25 years ago, when Tim Berners-Lee presented the WorldWideWeb browser at CERN, he could not have imagined how applications of this type would revolutionize access to information.
Tim Berners-Lee, the father of the Web, was also the creator of the first browser in history, presented on February 26, 1991 on a NeXT computer, exactly a quarter century ago. It was called WorldWideWeb, but was soon renamed Nexus to avoid confusion between “the program and the abstract information space of the same name,” according to Berners-Lee himself. That humble little program read and wrote HTML documents, which at that time proved to be extraordinarily simple. All other features have been added as the Web has grown.
Looking back, can web browser software be considered essential in the history of computing? “If we consider that we are talking about the whole package of technologies associated with access to the content of the Web, we are without doubt a milestone in the history of access to information, in addition to the more obvious display of a revolution on a scale, scope and depth that has not yet been completed (and that may never be),” replies Thomas Bruce, creator of the first web browser for Microsoft Windows, called Cello. Indeed, it is difficult to assess this revolution because we are still immersed in it. “Any browser–and, in general, any software–is only one point in a current of technical developments,” qualifies Bruce. “I hope that in the future someone can analyze the events and clearly identify the period in which the ‘browser revolution’ occurred, but at least fifty years will have to pass and currently only half the time has elapsed,” he reflects.
Although this is not a finished story, one can still speak of some key indisputable milestones, starting with the creation of WorldWideWeb, the pioneering browser with which Berners-Lee surprised the world in 1991. In 1992, Erwise and ViolaWWW made their appearance, developed in Finland and California, respectively, in 1992, for the UNIX operating system, and which became the first graphical browsers. That same year, at the University of Kansas, a “text-only” browser called Lynx was launched to distribute campus information. And since it had an interface that could read written text aloud, it enjoyed great fame among the blind. The next browser to turn up was Midas, designed for physicists to exchange information about their research.
Mosaic burst into the Mac a year later as the first “popular” graphical browser, which would allow any user to surf the net with just a click and that, for the first time, inserted images into the text. Then it was the turn of Arena, whose novelty was that it allowed background images, tables and formulas, and mathematical expressions. The first browser for Microsoft Windows was the aforementioned Cello, written in 1993 by Bruce for the Legal Information Institute at Cornell University Law School (USA) in order to provide access to legal information, since the most lawyers were users of Windows, not Unix or Mac. Cello incorporated support for protocols other than web pages, such as FTP for file sharing, or Gopher for the search and retrieval of documents.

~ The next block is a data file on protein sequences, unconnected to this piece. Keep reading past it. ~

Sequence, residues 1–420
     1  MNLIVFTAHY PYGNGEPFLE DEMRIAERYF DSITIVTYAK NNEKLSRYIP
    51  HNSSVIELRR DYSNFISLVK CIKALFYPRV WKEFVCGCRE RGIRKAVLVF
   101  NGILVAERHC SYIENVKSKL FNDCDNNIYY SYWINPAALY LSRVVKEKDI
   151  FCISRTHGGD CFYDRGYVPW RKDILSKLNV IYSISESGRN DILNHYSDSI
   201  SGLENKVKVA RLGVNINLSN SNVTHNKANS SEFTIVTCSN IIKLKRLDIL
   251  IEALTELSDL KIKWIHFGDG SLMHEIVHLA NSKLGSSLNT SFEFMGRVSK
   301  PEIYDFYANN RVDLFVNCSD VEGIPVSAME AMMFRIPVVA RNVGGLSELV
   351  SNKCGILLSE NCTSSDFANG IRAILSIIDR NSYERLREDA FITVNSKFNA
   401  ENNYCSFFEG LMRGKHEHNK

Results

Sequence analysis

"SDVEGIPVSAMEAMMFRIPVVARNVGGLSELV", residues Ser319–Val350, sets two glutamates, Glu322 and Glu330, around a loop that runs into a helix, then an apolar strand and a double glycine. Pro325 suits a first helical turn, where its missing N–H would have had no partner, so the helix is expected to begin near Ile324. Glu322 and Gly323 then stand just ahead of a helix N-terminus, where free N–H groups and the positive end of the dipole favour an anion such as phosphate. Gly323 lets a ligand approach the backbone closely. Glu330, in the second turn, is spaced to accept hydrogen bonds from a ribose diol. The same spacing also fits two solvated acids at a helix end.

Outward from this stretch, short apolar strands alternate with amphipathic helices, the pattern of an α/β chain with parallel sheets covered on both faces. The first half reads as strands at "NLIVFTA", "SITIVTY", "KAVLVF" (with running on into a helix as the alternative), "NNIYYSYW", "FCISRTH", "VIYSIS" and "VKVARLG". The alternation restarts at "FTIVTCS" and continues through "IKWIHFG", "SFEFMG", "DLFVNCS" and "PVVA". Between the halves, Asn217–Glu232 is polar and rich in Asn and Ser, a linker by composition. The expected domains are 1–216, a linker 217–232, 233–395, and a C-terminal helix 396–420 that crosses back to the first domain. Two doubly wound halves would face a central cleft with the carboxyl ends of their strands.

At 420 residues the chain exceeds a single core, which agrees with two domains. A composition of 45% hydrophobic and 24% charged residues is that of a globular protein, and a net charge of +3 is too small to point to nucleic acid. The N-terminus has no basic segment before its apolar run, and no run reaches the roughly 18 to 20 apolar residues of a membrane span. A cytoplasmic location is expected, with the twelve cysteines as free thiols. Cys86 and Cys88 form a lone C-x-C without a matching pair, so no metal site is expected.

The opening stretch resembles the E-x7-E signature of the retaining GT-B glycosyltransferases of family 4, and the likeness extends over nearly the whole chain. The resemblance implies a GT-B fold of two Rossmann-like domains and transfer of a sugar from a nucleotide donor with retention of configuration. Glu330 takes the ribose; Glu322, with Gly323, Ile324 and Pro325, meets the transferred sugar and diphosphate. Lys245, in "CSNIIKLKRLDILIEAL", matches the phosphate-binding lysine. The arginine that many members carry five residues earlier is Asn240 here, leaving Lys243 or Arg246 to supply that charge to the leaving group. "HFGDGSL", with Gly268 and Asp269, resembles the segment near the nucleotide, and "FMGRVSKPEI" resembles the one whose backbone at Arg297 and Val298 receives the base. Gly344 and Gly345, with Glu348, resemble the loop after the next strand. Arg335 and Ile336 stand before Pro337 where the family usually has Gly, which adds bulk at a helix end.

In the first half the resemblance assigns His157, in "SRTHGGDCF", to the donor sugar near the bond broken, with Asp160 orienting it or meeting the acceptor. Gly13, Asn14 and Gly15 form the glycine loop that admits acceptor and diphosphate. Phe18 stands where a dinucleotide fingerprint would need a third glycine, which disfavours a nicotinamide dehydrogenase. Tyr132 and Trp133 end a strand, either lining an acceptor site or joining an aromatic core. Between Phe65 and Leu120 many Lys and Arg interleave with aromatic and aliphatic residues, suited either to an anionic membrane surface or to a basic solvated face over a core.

In view of the success that programs designed for surfing the Internet were beginning to enjoy, it didn’t take long for IBM to create its own browser, WebExplorer. In 1994, the famous Netscape made its appearance, followed in 1995 by Internet Explorer, its closest competitor. Opera came soon after, ahead of Grail, the first browser “hackable” by researchers. Arachne (1996) was designed for computers using MS-DOS or OpenDOS, and Amaya, with free software that would enable immediate editing of any page. The list of browsers is completed with Konqueror (1996), Galeon (2001), Safari (2003) from Apple, Firefox (2004) and Chrome (2008) from Google, the youngest of the family.
In all cases, promoting access to information has been the leitmotif of the developers who have been involved in the development of these applications. “Most of the time the advance in browsers has been guided by one question: what can I do to make it easier for people to access anything they want to know?” says Bruce Thomas. In this regard, and with the network of networks cluttered with information, it seems that opting for the semantic web will be key. This trend, promoted by the inventor of the Web himself, intends to apply artificial intelligence to the Internet so that machines can understand online content and help us navigate by locating, classifying, providing structure and integrating all this information that, so far, forms a teeming mountain of unorganized data.
At this point, the web has become what Bruce defines as “a huge number of information transactions, often inconsequential.” “Right now there is someone out there using the Internet to find a mechanic for his car, someone using it to decide whether to take her child to the doctor, someone who is writing a song with someone else thousands of kilometers away, another person is surfing to acquire a work of art by an artist who they would not have learned about without the Internet, more than one person is doing business, many others are educating themselves…” notes the researcher. The impact that all this is having is difficult to quantify. “Computing has always been about quantitative improvements leading to huge qualitative changes; it is not about assessing the extent to which the web–and the browsers–have changed our world, but rather that, in many ways, the web now IS our world,” concludes Bruce.